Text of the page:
Veronica Belmont: This is IRL because online life is real life, an original podcast from Mozilla. Ah, the classic sound of waiting for super slow internet. If you’re old enough to remember dial-up, it was weird. You could either talk on the phone or get on the web, not both at the same time so I would literally have to wait for my parents to go to bed at night before I could log on, which was crazy. Nowadays, it’s not enough to have dial-up if you’re hoping for a full internet experience. In rural America, 28% of people don’t have broadband. You know, the kind of high speed service that’s fast enough to keep up with the content the internet can serve these days so they have old school dial-up or clunky satellite link-ups, which means their speeds can be stuck between well, at least it works most of the time to might as well train some passenger pigeons. So local movements are popping up everywhere. Citizens banding together to build better internets. Our friendly neighborhood producer, Dominic Girard, took a look at one project in Minnesota that’s midway through construction.

Dominic Girard: Hey, Veronica.

Veronica Belmont: Hello.

Dominic Girard: So yeah, it’s what you said. It seems that for the most part, the internet in rural America kinda sucks.

Veronica Belmont: Like in Minnesota or so you’re about to tell me.

Dominic Girard: Specifically, for this story, we’re focusing on the slow as molasses internet service that affects a group of communities in South Central Minnesota as you said. Largely in and around these counties called Renville and Sibley and these are towns with names like Winthrop, Fairfax, Gaylord, Gibbon and Buffalo Lake. They were fed up with dealing with really shoddy internet, dial-up internet, satellite internet.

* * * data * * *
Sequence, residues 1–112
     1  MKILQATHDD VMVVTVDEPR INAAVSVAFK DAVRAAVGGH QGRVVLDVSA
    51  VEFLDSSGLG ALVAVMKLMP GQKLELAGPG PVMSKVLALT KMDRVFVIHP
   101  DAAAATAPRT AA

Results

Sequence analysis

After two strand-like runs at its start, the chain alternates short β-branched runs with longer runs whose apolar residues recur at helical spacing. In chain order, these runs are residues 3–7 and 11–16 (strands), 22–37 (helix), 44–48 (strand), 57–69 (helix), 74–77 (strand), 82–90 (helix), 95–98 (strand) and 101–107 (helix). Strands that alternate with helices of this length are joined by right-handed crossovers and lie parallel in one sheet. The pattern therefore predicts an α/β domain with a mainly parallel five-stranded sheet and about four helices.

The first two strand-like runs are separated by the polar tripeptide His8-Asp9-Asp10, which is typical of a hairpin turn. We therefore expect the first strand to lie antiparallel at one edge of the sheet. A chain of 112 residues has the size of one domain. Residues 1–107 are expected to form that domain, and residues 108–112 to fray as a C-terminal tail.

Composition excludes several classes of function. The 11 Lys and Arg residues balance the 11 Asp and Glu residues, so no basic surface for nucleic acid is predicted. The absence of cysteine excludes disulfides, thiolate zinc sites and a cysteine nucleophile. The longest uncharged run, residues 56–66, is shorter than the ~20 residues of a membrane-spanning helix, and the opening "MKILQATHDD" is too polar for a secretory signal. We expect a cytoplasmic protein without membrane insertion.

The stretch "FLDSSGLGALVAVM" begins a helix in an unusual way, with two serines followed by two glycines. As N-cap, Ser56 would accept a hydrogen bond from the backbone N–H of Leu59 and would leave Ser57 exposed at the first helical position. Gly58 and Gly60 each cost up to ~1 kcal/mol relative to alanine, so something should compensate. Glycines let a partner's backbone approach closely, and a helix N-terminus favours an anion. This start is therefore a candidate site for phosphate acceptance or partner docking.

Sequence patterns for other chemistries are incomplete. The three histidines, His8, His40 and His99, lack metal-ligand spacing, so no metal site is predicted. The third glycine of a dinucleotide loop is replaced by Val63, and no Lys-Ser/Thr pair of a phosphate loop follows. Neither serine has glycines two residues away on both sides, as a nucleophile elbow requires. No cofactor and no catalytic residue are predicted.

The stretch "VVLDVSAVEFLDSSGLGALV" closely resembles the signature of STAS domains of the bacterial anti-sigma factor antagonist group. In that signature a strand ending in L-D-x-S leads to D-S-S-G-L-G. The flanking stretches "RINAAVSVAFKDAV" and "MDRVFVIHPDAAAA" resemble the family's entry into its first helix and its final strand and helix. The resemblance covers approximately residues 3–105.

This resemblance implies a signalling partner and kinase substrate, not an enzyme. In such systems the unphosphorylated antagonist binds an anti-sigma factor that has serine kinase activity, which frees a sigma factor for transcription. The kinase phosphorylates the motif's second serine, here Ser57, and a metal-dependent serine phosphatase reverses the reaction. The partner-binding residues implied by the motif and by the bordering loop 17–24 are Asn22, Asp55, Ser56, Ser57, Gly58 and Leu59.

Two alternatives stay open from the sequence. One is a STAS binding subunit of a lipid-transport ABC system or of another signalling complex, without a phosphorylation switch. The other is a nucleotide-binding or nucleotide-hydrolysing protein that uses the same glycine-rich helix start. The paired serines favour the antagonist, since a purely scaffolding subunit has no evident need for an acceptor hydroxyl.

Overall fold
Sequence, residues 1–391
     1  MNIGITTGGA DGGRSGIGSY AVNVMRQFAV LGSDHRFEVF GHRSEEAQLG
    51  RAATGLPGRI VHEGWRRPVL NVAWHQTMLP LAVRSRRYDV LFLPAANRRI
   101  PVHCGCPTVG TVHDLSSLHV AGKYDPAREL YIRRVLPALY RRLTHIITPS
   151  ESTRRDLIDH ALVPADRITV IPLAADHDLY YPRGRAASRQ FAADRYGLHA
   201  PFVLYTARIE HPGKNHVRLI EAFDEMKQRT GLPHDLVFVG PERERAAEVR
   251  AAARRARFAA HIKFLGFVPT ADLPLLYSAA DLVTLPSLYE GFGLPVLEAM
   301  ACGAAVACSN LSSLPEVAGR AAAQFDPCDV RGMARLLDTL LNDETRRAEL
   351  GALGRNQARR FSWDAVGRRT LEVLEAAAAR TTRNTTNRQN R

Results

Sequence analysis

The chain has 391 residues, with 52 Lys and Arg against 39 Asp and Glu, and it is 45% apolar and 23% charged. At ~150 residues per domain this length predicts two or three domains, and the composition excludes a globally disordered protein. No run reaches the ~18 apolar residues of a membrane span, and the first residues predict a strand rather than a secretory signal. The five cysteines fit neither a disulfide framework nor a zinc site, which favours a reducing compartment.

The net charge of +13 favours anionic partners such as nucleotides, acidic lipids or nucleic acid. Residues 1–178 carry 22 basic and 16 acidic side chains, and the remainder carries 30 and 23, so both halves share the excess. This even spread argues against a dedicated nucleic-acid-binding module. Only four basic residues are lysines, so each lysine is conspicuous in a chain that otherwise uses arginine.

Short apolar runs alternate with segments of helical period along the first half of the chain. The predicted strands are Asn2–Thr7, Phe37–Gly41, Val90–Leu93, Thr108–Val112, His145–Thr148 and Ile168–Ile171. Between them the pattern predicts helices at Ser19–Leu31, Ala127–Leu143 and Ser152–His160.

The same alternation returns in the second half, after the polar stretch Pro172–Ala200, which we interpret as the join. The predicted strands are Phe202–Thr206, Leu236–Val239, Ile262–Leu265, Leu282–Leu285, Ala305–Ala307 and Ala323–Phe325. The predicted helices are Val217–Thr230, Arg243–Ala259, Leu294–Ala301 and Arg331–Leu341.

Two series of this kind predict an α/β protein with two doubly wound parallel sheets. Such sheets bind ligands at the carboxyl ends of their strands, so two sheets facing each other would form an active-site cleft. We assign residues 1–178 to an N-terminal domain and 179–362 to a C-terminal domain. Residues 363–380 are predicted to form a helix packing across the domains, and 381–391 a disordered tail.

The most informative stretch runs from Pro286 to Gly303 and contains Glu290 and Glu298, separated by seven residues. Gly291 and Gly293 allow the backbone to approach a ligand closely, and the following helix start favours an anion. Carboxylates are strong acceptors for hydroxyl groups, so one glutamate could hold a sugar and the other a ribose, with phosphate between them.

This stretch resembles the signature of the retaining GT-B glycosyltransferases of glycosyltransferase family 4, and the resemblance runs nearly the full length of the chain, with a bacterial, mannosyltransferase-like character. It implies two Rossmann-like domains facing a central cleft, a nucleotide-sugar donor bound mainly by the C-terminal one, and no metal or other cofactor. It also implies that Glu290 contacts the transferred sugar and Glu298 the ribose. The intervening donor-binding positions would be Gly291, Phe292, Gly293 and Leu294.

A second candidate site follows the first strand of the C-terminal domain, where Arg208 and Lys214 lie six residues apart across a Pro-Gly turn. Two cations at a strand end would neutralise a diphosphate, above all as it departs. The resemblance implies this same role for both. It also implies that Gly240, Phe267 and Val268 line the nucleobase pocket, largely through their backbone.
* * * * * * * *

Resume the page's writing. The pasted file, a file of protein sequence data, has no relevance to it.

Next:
Veronica Belmont: Yeah, it makes sense.

Dominic Girard: Right. They decided they were going to build a member-owned high-speed broadband network all by themselves.

Veronica Belmont: What?

Dominic Girard: Yeah.

Veronica Belmont: Nice.

Dominic Girard: Yeah. It’s kinda cool, right? They called it RS Fiber and it’s a combination of super fast fiber optic cable internet and a better than ever Wi-Fi network, too.

Veronica Belmont: Okay, and so how fast to them is super fast?

Dominic Girard: One gigabit per second at the top-end of the service. That’s what? It’s 1000 megabits per second.

Veronica Belmont: Yes, that’s how the math works out.

Dominic Girard: Right. At that speed, you could theoretically buy and download a high definition copy of a Hollywood Blockbuster like Wonder Woman in under 30 seconds.

Veronica Belmont: Nice.

Mark Erickson: When we first formed this, we all agreed that this is not just a network we want to build. We wanna change the way we live, learn, work and play by bringing positive benefit to senior citizens and students and businesses and farmers. Now this is a once in a lifetime for us and we want to make the most of it.

Veronica Belmont: Okay, so who’s this guy?

Dominic Girard: He’s Mark Erickson. He’s playing a big role in helping RS Fiber launch and roll out.

Veronica Belmont: Alright, so a quote, once in a lifetime opportunity, he says.

Dominic Girard: Right.

Veronica Belmont: How badly needed is this broadband for the good people of Renville and Sibley.

Dominic Girard: So well, let me introduce you to a few people that we talked to and let them tell you what they’ve been facing to give you like a sense of what’s going on there.

Jenny Hazelton: My name is Jenny Hazelton. I live in Fairfax. I am currently waiting for high-speed internet to come to us.

Dominic Girard: Jenny; she’s a mom and her two kids well, they need internet access to do their homework obviously. The service at home is awful.